On how Lincoln’s idea of a “body politic” lived on in the inclusiveness of the funeral tour

“Lincoln is the man who pushed hardest to defend his idea of a body politic, in which there was no distinction between the leader and the led. He wanted everybody to feel they were equal.

And therefore, he called himself the representative man of this particular moment when he was chosen as the chief magistrate. He wasn’t better or superior, he was just temporarily the leader. And that body politic implicitly, by the end of his life, included African Americans. That’s what led John Wilkes Booth to kill him. It was that Lincoln was going to get rid of the hierarchy between monarch and people and he was going to get rid of the hierarchy between white and black.”

On how the trip helped confirm Lincoln’s place in history

“It’s certainly a spectacle, and it’s a spiritual as well as secular event in the sense that people are still trying to figure out what

An 1860 Lincoln campaign button. Credit: Library of Congress.

An 1860 Lincoln campaign button. Credit: Library of Congress.

this man meant to them. They realized that the assassination had catapulted him into a new stratosphere of importance for them. And he became, in effect, cosmically important, not just a national hero.

But he would have been that without the assassination. He would have been this Republican hero who gave up his body. He withered in office, beyond anything that anyone had witnessed before. We have photography now recording his facial wrinkles, the famous Alexander Gardner image of him in February 1865, looking like he’s really ready to drop. And people of the time said that— they said he looks horrible. We are afraid he’s going to die in office just of fatigue.”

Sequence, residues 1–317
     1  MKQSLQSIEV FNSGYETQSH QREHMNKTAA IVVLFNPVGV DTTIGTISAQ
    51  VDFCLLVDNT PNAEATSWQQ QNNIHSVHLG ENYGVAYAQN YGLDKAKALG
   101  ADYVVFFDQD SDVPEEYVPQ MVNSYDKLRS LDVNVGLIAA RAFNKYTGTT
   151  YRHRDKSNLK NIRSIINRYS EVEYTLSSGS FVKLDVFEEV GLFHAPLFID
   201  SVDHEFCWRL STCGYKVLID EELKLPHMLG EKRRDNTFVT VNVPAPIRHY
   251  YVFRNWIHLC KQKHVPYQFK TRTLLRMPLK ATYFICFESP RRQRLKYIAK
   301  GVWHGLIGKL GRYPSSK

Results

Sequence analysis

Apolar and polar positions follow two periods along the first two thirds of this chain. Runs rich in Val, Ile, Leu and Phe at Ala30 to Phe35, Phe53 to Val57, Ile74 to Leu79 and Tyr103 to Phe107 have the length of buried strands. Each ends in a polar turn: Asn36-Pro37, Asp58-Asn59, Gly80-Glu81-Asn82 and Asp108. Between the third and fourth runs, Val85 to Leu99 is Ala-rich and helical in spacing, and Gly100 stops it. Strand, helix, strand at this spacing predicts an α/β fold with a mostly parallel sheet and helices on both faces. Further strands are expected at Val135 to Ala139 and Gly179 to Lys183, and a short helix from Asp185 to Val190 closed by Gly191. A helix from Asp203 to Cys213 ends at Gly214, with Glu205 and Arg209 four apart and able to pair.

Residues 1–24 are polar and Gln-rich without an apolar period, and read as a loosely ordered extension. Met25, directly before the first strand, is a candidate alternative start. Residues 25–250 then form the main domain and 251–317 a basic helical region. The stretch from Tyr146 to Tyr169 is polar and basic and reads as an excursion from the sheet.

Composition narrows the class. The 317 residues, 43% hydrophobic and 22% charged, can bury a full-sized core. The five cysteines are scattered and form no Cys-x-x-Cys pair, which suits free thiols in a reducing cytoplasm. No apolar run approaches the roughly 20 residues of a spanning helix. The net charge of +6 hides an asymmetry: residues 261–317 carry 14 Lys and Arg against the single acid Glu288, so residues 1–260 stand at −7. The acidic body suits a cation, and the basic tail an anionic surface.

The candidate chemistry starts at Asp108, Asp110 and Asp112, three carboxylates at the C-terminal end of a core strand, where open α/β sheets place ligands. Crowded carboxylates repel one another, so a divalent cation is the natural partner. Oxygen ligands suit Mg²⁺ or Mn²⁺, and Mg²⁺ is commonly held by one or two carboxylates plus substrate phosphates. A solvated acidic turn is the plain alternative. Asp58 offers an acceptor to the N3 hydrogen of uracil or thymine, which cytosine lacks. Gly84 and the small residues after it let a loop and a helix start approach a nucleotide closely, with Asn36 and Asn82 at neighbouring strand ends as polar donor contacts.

On what Lincoln might have thought of the public display of his body

Abraham Lincoln photographed by Alexander Gardner, Feb. 5, 1865. Credit: Library of Congress.

Abraham Lincoln photographed by Alexander Gardner, Feb. 5, 1865. Credit: Library of Congress.

“If there was a one person in 19th century America who would not have minded his body deteriorating in public, I think it would’ve been Lincoln. His whole point, this zealous Republican wanted to be with the people always. He jumped into crowds. And I think myself that by the end of his life, he had demonstrated, especially with his walk through Richmond on April 4th, 1865, that he was not to be taken as a coward in any respect.

He would gladly give up his life if that’s what it took to protect the Republic. And for him, the Republic meant a place where leaders congregate openly with the led. And so, here, after death, he, I think, would have been very glad to be treated as a corpse in public and for his body to go right down into dust. I think for him that would have been almost the perfect denouement.”



You can listen to this segment and the rest of our episode on Lincoln’s assassination here. Richard Wightman Fox’s new book is called Lincoln’s Body: A Cultural History.